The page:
MOA Coronavirus Statement

As we all try to navigate the rapidly changing COVID-19 pandemic, the MOA wants you to know that we are here to offer you resources and guidance.  None of us have ever experienced anything like this.  The AOA has sent communications to members and is working with the federal government and the CDC to ensure members have access to small business loans as well as access to telemedicine billing for Medicare patients They have created a website with resources specific to optometry.

Please visit There you will find current developments and practice tools for continued guidance.

The Missouri Dept of Health and Human Services also has a web page with the latest state information:

There you will find a link to the CDC situation summary page:

We all have difficult decisions to make as we determine how we go forward in offering patient care.  It is a personal decision and we must each do what is right for our own practices and families.  We urge you to use these resources.

Practices will need to also make some contingency business plans specific to your own situations. At this time, there have been no actions from the Missouri Dept of Health or the Governor for individual practices.  The MOA will monitor for any state or federal initiatives put in place to offset any financial impact this pandemic has on our practices.

For information regarding unemployment, PTO and other labor topics please refer to the Missouri Dept of Labor website for their FAQ and information regarding the pandemic:

As part of the health care team, if your situation permits, we should be at least available for emergency care and do our part to keep patients out of the emergency rooms where they are definitely placed at a higher risk.

Let’s all do our part to “flatten the curve” and keep washing those hands!

Suggestions for your practices:

  1. Consider postponing and rescheduling those patients age 60 years and older, patients with comorbidities, patients who are immunocompromised or closing your office to nonemergency visits.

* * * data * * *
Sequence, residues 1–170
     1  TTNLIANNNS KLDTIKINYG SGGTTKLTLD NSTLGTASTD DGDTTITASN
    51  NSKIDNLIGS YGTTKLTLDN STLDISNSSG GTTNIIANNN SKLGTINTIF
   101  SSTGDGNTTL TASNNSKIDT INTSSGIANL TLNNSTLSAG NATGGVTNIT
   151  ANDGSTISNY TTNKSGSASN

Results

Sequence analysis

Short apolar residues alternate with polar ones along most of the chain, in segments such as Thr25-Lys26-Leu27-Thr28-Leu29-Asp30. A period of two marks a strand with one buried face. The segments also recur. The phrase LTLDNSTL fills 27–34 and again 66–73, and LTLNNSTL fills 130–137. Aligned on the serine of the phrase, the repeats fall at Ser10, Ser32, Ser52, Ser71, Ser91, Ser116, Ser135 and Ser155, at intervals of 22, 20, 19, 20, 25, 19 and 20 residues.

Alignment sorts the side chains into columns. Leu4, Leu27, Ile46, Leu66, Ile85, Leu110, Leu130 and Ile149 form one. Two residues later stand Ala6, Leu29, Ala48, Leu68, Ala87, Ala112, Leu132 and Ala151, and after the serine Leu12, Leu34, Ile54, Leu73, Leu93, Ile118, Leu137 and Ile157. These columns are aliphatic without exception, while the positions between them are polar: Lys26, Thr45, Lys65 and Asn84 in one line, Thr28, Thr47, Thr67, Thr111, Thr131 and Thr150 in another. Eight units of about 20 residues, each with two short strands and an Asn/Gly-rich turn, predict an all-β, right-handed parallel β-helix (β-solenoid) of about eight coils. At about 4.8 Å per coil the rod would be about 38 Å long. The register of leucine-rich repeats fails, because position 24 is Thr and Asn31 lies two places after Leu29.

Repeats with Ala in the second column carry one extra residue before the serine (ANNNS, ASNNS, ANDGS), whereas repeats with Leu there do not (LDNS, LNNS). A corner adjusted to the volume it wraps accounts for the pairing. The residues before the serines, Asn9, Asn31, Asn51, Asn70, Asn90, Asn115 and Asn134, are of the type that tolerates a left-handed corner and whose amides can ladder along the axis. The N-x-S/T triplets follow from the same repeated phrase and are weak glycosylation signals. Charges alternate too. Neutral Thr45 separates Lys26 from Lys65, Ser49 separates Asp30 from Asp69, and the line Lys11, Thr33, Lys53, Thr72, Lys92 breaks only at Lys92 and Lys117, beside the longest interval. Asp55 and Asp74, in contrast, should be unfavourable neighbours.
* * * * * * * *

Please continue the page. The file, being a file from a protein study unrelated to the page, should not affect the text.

2. Screening conducted by telephone may be a way to mitigate the risk from office visits. Ideally, this would be done on the day of service.
  3. Consider staggering appointment times or spread out appointments to socially distance patients.
  4. Contemplate implementing virtual check-ins via text from your parking lot to reduce time in your waiting room.
  5. Consider taking the temperature of patients that have to be seen when they enter your office.
  6. Ask caregivers accompanying patients to their appointments to remain in their cars unless assistance is absolutely needed to reduce congregating in waiting rooms – implement social distancing procedures.
  7. Reduce patients moving from room to room and keep patients isolated from others as much as possible.
  8. Use universal precautions and follow disinfection recommendations from the CDC. This goes beyond basic personal and clinic hygiene. Re-evaluate your disinfecting procedures.
  9. Consider strategies to reduce person to person exposure at the slit lamp.
  10. Contemplate how you want to handle in office contact lens hygiene especially for new fits.
  11. Consider rotating doctors and staff seeing patients on different days (platooning) to reduce risk of multiple practitioners from being exposed simultaneously.
  12. Implement telemedicine and phone triage techniques for nonemergency eye conditions.

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